Lanna7
Fill up the tank - Tank up - Gas up Hello everyone. Fill up the tank - Tank up - Gas up Do British and American speakers use them interchangeably? Thanks :)
Feb 18, 2016 12:14 AM
Answers · 7
In my personal experience as a native U.S. speaker, all three are common, natural, and frequently used, and I can't think of any distinctions of meaning or regional usage. I think my wife and I would most commonly say simply "gas the car" (no "up"). "I'm going to get groceries." "Oh, do you think you could gas the car on the way back, we're down to a quarter of a tank." These all seem like the same pattern: water the grass, feed the dog, gas the car. There is also to "top up" or "top off" (interchangeable, no difference) the tank, which means to make sure it is completely full, particularly when it is fairly full to begin with. "We've got three-quarters of a tank but I think I'll stop and top it off."
February 18, 2016
And in American English, we would most likely say "fill up the tank"
February 18, 2016
Well, we call it 'petrol' in the UK and not 'gas' so no one says 'gas up' the car. I know 'gas' is just a shortening of 'gasoline' but it seems counterintuitive to me to call something that is liquid 'gas.' As Su.Ki said, you 'get' or 'buy' petrol from the petrol station. Alternatively you might be less specific and just say you need to buy or get some 'fuel.' 'Fill up the tank' again is not likely to be heard for the simple reason that modern petrol stations don't have parking attendants in the UK, you fill up the car yourself so this phrase doesn't make much sense. As for 'tank up' again, it is not used. The only time you might hear this phrasal verb used is in the context of getting drunk (in slang) i.e if someone is tanked up then it means they are very drunk.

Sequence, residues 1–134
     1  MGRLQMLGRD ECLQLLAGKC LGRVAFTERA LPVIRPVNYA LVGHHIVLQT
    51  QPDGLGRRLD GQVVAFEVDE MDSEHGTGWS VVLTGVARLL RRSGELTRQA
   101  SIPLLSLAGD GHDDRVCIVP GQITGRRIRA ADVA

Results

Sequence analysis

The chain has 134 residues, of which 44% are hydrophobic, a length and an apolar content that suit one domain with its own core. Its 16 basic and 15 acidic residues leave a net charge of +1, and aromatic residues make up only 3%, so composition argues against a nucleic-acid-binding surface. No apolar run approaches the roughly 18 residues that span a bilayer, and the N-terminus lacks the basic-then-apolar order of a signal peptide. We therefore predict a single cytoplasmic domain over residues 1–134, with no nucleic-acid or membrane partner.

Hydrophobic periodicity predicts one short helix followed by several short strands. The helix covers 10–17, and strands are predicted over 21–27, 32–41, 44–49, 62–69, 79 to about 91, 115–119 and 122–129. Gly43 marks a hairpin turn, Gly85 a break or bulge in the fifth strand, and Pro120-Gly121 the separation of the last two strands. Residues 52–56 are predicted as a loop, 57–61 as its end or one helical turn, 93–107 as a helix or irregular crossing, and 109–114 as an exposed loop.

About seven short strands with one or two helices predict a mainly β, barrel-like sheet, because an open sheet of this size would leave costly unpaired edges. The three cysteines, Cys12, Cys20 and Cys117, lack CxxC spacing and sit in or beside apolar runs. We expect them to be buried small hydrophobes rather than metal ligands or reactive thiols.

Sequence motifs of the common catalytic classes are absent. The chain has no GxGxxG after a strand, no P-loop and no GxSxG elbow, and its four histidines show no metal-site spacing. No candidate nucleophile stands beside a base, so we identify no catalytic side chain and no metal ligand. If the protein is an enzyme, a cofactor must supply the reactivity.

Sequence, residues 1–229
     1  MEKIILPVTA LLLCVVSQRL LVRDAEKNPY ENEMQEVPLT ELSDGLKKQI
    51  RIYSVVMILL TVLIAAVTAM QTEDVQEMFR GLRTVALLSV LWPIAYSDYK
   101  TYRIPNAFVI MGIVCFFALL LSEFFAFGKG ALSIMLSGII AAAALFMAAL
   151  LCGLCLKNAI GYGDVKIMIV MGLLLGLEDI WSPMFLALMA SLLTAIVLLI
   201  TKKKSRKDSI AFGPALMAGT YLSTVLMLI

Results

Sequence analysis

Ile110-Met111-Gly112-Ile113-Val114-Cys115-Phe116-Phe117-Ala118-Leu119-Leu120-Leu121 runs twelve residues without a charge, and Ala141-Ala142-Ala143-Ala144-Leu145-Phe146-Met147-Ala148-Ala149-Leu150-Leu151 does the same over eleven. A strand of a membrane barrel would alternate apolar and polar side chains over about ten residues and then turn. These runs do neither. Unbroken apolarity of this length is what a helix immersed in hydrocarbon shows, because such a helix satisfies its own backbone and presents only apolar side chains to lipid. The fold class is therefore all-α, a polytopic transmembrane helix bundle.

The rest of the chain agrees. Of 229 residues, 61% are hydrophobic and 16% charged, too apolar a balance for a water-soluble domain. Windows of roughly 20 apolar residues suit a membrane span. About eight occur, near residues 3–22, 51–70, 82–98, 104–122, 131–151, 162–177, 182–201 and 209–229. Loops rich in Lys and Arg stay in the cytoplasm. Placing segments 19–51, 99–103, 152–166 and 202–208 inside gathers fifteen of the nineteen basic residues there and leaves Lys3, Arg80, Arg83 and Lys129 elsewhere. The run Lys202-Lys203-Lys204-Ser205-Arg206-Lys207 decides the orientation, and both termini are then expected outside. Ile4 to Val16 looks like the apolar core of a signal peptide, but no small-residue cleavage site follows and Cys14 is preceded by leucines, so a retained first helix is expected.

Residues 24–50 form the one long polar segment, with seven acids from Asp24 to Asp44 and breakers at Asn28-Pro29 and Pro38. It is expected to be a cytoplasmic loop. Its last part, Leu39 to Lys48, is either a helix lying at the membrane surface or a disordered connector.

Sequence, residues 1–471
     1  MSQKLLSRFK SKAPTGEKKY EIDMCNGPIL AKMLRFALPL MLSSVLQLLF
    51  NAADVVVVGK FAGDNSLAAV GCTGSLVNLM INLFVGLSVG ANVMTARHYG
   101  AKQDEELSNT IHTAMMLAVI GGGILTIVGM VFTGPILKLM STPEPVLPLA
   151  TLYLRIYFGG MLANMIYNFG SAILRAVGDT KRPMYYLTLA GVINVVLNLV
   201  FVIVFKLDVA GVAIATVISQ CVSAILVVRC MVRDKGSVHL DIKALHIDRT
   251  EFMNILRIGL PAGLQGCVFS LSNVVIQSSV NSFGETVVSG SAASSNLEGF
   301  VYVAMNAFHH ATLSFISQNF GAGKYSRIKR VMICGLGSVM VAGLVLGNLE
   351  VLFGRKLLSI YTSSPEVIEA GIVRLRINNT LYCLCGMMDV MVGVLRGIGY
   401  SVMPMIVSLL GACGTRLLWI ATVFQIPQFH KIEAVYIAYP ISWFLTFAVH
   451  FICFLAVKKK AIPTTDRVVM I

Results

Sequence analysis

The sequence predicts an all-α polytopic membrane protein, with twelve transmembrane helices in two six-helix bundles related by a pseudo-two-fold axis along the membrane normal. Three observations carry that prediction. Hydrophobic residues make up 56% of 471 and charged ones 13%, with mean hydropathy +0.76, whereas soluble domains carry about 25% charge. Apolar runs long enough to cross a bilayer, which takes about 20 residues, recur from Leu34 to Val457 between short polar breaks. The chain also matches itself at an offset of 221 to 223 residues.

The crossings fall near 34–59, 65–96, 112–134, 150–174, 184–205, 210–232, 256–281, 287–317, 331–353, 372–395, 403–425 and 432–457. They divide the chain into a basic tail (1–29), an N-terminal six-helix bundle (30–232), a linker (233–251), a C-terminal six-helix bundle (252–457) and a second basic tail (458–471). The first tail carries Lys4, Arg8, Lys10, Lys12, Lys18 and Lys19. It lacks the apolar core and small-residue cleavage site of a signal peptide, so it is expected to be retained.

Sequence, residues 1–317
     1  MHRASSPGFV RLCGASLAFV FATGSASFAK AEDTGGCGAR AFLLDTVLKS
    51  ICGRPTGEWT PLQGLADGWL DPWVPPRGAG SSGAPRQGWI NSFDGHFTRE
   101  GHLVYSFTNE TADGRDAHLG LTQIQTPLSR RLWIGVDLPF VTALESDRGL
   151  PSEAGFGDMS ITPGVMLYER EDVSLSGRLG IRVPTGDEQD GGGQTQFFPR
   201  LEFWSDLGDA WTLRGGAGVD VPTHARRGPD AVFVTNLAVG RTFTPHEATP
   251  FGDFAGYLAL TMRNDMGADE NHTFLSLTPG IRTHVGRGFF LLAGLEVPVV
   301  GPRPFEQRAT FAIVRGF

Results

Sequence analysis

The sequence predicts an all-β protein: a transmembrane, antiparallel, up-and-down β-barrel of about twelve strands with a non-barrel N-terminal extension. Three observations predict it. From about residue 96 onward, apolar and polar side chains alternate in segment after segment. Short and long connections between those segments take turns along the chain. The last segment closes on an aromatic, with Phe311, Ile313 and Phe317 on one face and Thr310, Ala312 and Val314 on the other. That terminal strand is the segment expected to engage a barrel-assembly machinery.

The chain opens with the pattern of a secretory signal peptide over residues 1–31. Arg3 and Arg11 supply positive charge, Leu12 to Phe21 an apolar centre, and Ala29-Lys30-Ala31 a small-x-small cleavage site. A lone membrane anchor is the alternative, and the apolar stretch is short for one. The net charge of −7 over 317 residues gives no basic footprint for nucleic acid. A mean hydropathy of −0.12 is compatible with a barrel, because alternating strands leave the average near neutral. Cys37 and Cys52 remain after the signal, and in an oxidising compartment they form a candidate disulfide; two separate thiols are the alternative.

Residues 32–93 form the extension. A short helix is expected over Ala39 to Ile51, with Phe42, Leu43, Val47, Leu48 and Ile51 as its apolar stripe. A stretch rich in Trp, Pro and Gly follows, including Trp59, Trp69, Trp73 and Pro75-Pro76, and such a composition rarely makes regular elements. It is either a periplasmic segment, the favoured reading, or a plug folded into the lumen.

February 18, 2016
Not at all. A British English speaker would not say 'tank up' or 'gas up'. In British English, the word 'gas' is used in its literal sense, and refers to something which is chemically a 'gas' - like methane, propane and so on. The fuel which we put in a car is a liquid, so it seems illogical to the British English speaker's mind to call it 'gas' when it clearly isn't a gas. We might say 'fill up the tank' but it's not especially common. It doesn't sound obviously American in the way that the other two phrases do, but I don't think that we often say this. In the days when you had to ask a garage attendant to operate the pump, you might have said 'fill it up'. These days, people would probably just say 'buy' or 'get' 'petrol'. For example, I might say 'I'm just going to call in at the petrol station. I'll check the oil and tyres, and get petrol'. In general, American and British English are not nearly as different as learners imagine they are. However, when it comes to terms relating to car and road use, there are quite a lot of differences.
February 18, 2016
I am a British English speaker and have never heard the expressions 'tank up' or 'gas up'. We don't tend to say 'fill up the tank', so much as 'fill up the car'.
February 18, 2016
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Lanna7
Language Skills
English, Portuguese
Learning Language
English